Next summer season’s GCSE exams might reportedly be pushed again amid a resurgence of coronavirus instances.
The exams are set to delayed in keeping with A-level exams, which it was reported earlier this week will probably be put again by three weeks beneath new plans.
Gavin Williamson, the training secretary, is ready to announce an examination timetable extension till mid-July, the Daily Telegraph reported.
Meanwhile, the Evening Standard cited training sources saying GCSE exams may be pushed again by three weeks.
At the start of final month, Mr Williamson mentioned GCSE and A-level exams might be pushed again to subsequent year to permit for extra educating time after a 12 months of disruption.
Pupils returned to high school final month, marking the primary time all college students had been allowed again within the classroom since March.
Mr Williamson has instructed the Education Select Committee there will probably be announcement later this month over subsequent 12 months’s exams.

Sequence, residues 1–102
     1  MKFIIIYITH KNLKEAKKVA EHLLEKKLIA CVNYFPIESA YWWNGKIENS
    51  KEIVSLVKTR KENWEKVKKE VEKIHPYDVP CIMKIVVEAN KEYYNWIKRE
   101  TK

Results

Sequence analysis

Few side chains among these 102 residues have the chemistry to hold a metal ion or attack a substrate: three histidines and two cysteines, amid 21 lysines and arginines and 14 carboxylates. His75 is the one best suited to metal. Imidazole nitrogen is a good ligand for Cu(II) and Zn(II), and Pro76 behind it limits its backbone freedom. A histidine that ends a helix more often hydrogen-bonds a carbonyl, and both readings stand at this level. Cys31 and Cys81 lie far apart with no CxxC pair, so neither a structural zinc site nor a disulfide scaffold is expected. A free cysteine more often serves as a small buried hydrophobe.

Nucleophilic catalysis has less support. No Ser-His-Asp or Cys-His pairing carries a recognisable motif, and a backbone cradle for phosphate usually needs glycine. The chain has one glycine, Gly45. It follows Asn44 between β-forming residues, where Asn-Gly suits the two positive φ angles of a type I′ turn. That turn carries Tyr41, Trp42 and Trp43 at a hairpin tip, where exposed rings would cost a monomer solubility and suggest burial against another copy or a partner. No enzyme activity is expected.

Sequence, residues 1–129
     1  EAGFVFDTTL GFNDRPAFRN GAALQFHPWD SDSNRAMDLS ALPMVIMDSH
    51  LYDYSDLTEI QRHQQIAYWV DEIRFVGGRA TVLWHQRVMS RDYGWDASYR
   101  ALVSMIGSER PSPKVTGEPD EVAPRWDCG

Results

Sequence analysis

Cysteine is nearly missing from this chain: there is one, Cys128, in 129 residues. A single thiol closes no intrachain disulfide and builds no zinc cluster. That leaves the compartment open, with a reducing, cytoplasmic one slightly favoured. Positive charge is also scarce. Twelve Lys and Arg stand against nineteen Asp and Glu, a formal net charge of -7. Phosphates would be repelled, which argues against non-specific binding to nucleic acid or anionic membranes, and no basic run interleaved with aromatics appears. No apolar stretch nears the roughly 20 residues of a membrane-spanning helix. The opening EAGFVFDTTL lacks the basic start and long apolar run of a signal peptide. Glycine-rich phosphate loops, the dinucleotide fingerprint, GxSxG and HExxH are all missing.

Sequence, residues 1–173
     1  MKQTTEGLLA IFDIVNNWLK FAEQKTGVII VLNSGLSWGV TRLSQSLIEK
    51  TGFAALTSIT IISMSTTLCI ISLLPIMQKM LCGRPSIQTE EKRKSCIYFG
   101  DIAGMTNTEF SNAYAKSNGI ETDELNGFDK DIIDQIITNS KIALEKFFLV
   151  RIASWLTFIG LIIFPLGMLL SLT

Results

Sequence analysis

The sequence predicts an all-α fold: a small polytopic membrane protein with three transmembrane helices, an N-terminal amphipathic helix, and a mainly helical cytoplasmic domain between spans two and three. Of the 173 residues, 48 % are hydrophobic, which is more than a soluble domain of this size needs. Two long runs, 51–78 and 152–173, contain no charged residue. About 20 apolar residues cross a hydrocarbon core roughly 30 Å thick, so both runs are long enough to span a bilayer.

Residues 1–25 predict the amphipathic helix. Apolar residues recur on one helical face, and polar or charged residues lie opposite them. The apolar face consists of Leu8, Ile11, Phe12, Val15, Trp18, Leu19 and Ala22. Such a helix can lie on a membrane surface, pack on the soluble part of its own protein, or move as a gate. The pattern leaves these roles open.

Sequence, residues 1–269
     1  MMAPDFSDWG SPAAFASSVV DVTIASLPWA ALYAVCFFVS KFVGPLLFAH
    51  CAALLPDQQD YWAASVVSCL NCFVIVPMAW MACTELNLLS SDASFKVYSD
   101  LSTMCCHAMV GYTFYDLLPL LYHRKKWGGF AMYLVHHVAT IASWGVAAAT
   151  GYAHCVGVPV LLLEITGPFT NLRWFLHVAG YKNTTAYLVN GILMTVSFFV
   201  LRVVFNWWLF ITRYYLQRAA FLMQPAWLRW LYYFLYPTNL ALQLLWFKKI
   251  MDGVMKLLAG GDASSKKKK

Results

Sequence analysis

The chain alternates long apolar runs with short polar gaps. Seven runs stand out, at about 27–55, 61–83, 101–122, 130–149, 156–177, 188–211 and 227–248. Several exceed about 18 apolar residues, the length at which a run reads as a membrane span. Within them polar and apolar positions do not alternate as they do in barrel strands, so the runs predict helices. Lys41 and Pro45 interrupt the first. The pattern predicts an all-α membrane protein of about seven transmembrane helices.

A spokesperson for the Department for Education (DfE) mentioned: “We expect exams to take place next year and continue to work with Ofqual and the exam boards on our approach, recognising that students will have experienced considerable disruption to their education in the last academic year.
“There are a range of measures proposed by Ofqual following a public consultation, including a possible short delay to the exam timetable and subject-specific changes to reduce pressure on teaching time.
“We will continue to work with school and college stakeholders, Ofqual and the exam boards, to ensure that exams in 2021 are fair.”
It comes as schools could be asked to refuse to prepare for Sats next year if teachers give their backing to union proposals to focus resources on recovering from the impact of the pandemic.
The plans will be debated as part of a motion to be put forward by the National Education Union (NEU) at its online conference on Saturday.
If approved, the motion would see the union’s executive instructed to “name on head academics and governors to refuse to require preparation for Sats, as a substitute concentrating all assets on restoration”.
It also calls for Sats to be replaced by a moderated teacher assessment system in 2021 and for this to apply for GCSEs and A-levels as part of a mixed assessment model.
Additional reporting by Press Association